Also, continue praying and studying the Bible for yourself to learn and grow closer to God each and every day. Through prayer and study, discover what God wants to teach you from His Word and grow your personal relationship with God closer and stronger with every minute spent together.

And as I end every set of challenges by saying in one way or another, never stop short of, back away from, chicken out of, or worry yourself away from where God wants to lead you to in your life with Him!

Flashback Episode: Year in Matthew – Episode 22: After healing a demon-possessed man, Jesus is challenged by a group of Pharisees over where He gets His power to heal and help people. You may be surprised at the strong language Jesus challenges this group of Pharisees with, and how this message is relevant for our lives today!

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Two Opposite Sisters: Luke 10:38-42

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As we continue moving through Luke’s gospel, we come to a point where we are introduced to two very different individuals, and from the way Luke’s gospel describes this event, I am fascinated by some of the details we see when looking closely at what happened.

First off, this event focuses on two different women, and nothing in this passage is hinted at these two women being married. One of these women is described as having a home, which strongly implies that she was old enough to have an established life, and this is without Luke’s gospel sharing any evidence of a husband.

While it is possible she had a husband who traveled a great deal and who wasn’t present for this event, it is also just as possible that she was divorced or simply had chosen not to marry. There may be other possible explanations, but all the explanations we can think of are really distractions from the big contrast Luke wants us to see as he describes what happened when Jesus meets these two women.

Our passage is found in Luke’s gospel, chapter 10, and we will read it from the God’s Word translation. Starting in verse 38, Luke tells us that:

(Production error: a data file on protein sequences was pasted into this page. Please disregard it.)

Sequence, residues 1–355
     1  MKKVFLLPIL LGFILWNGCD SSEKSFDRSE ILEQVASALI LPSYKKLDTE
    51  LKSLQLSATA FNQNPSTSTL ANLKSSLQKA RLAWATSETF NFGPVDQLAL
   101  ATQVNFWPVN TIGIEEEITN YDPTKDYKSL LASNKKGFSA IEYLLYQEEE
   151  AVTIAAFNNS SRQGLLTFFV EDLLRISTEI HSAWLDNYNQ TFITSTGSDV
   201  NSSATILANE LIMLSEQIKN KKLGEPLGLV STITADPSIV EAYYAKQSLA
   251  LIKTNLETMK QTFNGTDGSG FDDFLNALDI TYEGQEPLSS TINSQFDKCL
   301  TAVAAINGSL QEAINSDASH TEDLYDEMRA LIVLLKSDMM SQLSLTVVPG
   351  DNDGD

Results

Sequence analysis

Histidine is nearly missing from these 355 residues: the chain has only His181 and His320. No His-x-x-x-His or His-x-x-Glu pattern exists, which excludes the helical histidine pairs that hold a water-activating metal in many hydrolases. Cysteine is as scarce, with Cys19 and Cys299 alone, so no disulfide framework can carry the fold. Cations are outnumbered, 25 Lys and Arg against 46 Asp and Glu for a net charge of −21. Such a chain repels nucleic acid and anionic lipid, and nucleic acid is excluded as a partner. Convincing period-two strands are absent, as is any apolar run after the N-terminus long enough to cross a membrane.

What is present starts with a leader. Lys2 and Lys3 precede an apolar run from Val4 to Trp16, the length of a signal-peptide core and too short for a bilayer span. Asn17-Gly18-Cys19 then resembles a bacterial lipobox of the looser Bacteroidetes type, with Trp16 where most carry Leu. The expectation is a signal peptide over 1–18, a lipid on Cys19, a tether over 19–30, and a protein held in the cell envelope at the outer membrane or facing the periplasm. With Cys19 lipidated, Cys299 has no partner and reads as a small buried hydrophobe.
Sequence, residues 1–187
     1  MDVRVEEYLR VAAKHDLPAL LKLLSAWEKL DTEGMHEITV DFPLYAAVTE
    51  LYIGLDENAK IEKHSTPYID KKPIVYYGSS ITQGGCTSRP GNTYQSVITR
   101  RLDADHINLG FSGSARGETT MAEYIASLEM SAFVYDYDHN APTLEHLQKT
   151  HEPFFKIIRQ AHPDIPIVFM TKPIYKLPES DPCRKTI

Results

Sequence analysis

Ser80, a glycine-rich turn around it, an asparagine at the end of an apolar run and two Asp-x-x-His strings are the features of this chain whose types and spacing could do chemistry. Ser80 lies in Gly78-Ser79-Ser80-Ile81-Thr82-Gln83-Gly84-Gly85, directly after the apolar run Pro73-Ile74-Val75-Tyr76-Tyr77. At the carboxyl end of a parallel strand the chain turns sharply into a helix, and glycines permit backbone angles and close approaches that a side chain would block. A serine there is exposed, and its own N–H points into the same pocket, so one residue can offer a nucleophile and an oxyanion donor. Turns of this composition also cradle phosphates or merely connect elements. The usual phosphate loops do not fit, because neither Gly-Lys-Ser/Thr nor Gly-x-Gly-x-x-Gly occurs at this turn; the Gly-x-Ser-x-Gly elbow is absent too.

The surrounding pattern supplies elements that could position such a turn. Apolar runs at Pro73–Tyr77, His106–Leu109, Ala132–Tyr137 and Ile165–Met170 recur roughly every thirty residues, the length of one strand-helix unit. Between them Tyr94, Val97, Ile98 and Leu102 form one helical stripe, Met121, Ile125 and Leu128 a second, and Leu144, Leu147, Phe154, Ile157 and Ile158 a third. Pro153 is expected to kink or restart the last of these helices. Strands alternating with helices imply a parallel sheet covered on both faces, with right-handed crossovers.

38 As they were traveling along, Jesus went into a village. A woman named Martha welcomed him into her home. 39 She had a sister named Mary. Mary sat at the Lord’s feet and listened to him talk.

40 But Martha was upset about all the work she had to do. So she asked, “Lord, don’t you care that my sister has left me to do the work all by myself? Tell her to help me.”

41 The Lord answered her, “Martha, Martha! You worry and fuss about a lot of things. 42 There’s only one thing you need. Mary has made the right choice, and that one thing will not be taken away from her.”

In just five short verses, we are introduced to two very different women, and two very different responses to interacting with Jesus.

It is easy to condemn Martha for worrying and fussing while focusing on the details of being a good hostess. It is also easy for us to sympathize with Martha’s irritation over Mary’s lack of help or Mary’s decision to sit listening to Jesus. However, the biggest theme of this passage can get lost in the details if we are not careful.

It is worth noting that Jesus does not condemn Martha for serving or being a detail-driven hostess. While Jesus does call Martha out for where she has placed her focus, this only happens after Martha had become upset about what Mary was doing when compared with what Martha wanted Mary to be doing. In other words, Martha’s expectation for Mary was upsetting her when Mary wasn’t doing what she expected her to do.